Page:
In September last year, very nearly the whole of Chelsea’s away end at Leicester joined in with an anti-Semitic chant. That set in place a series of events which this week resulted in a club-sponsored trip to Auschwitz for supporters. Dan Levene, on Chelsea at the crossroads.
It is probably 20 years since I wrote my first story about anti-Semitism at Chelsea.
In the time I have supported and reported on this club, a period exceeding 30 years, it has been more or less a constant.
It is a complex matter here, which is not to say the abhorrence of it is in any way diminished.
Many perpetrators claim an antipathy towards Spurs, not Jews.
Some among them probably even believe that.
But the songs about the death camps prevail.
They have ebbed and flowed over that time: from the 80s nadir; to a period where abuse diminished in the post-Champions-League triumph world; to the era beyond the Brexit vote, where aspects of the support have spoken-up with gusto.
Spurs are not Y-ds.
They are a north London team which inhabits a part of N17: once quite Jewish; now very African-Caribbean; with a strong Turkish influence.
Spurs never chose the tag ‘Y-d army’. But they decided to own it: a theoretical strike against the haters. Probably 97% or more of their support is ‘goyim’, as the few remaining Jews in the area might refer to those not of the race.
Had they not taken the moniker on in the 60s, they might have left the search for a badge-of-pride until the 80s or 90s. In which case, would they now call themselves the ‘N****r Army’?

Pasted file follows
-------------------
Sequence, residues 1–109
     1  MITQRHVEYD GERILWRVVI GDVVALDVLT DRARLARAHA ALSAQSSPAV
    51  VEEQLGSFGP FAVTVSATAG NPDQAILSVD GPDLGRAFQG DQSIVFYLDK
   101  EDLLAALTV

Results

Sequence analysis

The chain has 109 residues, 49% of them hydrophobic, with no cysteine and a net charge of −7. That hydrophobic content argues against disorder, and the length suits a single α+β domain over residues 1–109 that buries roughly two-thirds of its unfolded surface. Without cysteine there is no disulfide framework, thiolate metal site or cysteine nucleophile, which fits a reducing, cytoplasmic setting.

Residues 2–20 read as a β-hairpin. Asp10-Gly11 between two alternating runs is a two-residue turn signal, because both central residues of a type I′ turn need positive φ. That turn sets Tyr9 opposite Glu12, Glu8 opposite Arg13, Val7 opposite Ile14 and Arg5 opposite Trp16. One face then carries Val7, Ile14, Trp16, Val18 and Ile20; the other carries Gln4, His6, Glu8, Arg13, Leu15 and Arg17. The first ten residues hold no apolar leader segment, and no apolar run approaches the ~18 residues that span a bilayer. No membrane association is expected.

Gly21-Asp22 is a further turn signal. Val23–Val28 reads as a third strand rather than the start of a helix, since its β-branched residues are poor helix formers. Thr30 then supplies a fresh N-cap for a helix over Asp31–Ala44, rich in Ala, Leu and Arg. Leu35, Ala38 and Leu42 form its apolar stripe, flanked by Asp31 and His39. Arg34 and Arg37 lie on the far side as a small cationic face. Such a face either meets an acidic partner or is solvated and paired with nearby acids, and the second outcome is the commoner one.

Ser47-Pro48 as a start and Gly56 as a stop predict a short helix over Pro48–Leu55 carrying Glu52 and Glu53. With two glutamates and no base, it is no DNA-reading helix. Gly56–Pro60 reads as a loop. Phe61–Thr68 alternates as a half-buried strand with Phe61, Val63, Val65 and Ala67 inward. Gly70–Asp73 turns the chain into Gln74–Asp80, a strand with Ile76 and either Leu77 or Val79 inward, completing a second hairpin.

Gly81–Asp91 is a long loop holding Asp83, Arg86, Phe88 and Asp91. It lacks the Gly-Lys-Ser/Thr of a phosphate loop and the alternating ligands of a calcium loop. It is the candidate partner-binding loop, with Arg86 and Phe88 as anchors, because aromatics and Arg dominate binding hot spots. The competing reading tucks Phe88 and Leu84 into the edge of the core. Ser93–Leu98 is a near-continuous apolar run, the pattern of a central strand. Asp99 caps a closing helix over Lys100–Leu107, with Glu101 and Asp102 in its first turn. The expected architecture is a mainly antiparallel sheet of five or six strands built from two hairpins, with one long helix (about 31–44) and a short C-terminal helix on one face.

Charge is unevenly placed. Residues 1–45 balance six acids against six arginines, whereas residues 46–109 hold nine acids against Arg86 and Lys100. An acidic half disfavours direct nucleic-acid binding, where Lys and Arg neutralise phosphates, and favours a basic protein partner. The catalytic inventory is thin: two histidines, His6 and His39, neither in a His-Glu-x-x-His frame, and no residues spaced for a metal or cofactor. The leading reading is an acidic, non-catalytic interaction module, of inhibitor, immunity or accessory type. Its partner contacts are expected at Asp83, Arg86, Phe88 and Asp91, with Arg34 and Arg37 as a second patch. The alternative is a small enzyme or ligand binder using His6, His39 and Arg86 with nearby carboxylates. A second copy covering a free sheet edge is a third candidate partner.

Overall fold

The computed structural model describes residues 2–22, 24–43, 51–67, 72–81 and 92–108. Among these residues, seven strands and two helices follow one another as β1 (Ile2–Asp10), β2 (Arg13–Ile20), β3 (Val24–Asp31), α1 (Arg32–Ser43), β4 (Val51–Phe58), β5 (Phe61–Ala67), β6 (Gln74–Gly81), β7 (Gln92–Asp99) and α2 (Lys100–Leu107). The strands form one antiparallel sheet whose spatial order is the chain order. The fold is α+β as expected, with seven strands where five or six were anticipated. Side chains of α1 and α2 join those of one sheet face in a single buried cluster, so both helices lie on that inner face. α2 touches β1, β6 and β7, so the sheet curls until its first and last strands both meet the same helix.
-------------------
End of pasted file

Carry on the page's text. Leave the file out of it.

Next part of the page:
If they did, would that be acceptable? And would abuse of it be tolerable? In both cases, the answer seems obvious.
Chelsea do hate Tottenham, and Tottenham do hate Chelsea, as many are happy to sing. Such football rivalry is to be expected. To be cherished, even, because without it the game is sanitised.
But often, at Chelsea, it feels like many also hate Jews.
“Barcelona, Real Madrid, Tottenham are a load of Y-ds,” goes the song; and absolutely everyone knows what the Y-word stands for.
Should Spurs stop singing it, would it stop?
I recall Chelsea’s Yossi Benayoun, an Israeli international, approaching an away end once to be greeted with a barrage of: “F*** off you Y-d scum” – from his own club’s support. The record books seem to have missed his time as a Spurs player.
So, though many from the north of London sing about being part of a ‘Y-d Army’ with mostly misplaced pride; the songs from the west which mention the word tend to be about hatred, and often threaten.
I’ve had those threats myself, from time to time, over my public calls to stop the racial abuse.
And so to Leicester away last September…
“Its just a football song,” as some insisted to me on the platform post-match.
But when a significant majority of a 2,000+ strong away end sing about a player who ‘hates the f***ing Y-ds’, it becomes a hate crime.
When a supporter I’ve know for years approaches a Jew on that station platform and insists how ‘f**ing brilliant’ his day out was, ‘because of that song’, it elevates the occasion to one of the worst acts of collective racism I’ve seen at football in some years.
If we assume that every single one of those singers: people who live or work in, or visit London regularly, and who presumably know the Jewish origins of their club’s owner, know what the word means; then we must assume they know the chant is racist.
And, on being asked in the immediate aftermath of the match, the club was adamant that it wanted rid of those who thought it acceptable.
A short while later, Abramovich’s campaign against anti-Semitism was born.
I count among my family survivors of the Holocaust. The story of Auschwitz is one that was always known in my youth.